The Productivity Commission’s recommendations on improving productivity through government-subsidised child care strike the right balance in promoting extra workforce participation at public expense, according to the Business SA’s Director of Policy, Rick Cairney.
In the wake of the Prime Minister’s decision to drop his controversial paid parental leave scheme, attention has returned to the Productivity Commission’s report – Child Care and Early Childhood Learning – published in October last year.
Cairney said Business SA particularly welcomed the fact that the Productivity Commission’s report suggests an activity (work, study or train) test for childcare subsidies “as this will help ensure that the tax payer funded benefits are focused on workforce participation”.
“It is important that any investment in childcare targets parents who want to be in the workforce but cannot easily access affordable childcare as our economy and society is currently missing out on these parents’ productive capacity,” Cairney said.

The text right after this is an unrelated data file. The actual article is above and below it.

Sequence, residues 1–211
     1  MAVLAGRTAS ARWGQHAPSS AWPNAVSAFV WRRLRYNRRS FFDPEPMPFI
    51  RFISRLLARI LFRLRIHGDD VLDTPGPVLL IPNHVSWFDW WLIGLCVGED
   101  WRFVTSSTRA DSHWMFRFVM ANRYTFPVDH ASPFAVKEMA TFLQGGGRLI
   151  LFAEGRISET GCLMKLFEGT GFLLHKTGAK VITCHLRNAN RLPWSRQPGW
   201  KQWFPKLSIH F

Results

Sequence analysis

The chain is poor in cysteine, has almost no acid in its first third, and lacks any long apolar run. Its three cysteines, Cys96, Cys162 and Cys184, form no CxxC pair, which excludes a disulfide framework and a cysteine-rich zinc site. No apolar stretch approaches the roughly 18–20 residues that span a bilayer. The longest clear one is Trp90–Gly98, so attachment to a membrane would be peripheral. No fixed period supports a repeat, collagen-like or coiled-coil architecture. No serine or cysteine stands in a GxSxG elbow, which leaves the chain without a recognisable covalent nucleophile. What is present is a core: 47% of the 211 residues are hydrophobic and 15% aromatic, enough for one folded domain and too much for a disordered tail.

The Productivity Commission identified around 165,000 (full-time equivalent) parents who would like to work or work more hours, but are not able to do so because of costs and access to childcare.
“It is the workforce participation aspects of this report that are particularly important to business,” Cairney said.
“Increasing workforce participation is also important for the future economic prosperity of South Australia, especially as the baby boomers enter retirement,” he said.
“Whilst every family is different when it comes to childcare arrangements, in many families it is the mother who takes time off work when the children are young and then may only return to the workforce part time. The decision to return to work or to return part time can often be based on the availability and affordability of childcare.”
The Grattan Institute has estimated that GDP would be $25 billion higher if women’s participation rates were 6 per cent higher. The National Centre for Social and Economic Modelling has also done work which shows that $6 billion worth of childcare subsidies would support working women who pay $7 billion in tax.
“A $25 billion boost to our GDP, which could potentially pay for itself, is definitely something worth investigating,” Cairney said.
“The Productivity Commission’s report notes that additional workplace participation should occur if its recommendations are adopted. However, it is only predicted to be a 1.2 per cent increase. It is therefore important that the childcare reforms are considered alongside taxation reforms and other workforce participation measures to ensure that Australian businesses again start displaying their ‘now hiring’ signs, and that those signs can truly reach all the available talent.”
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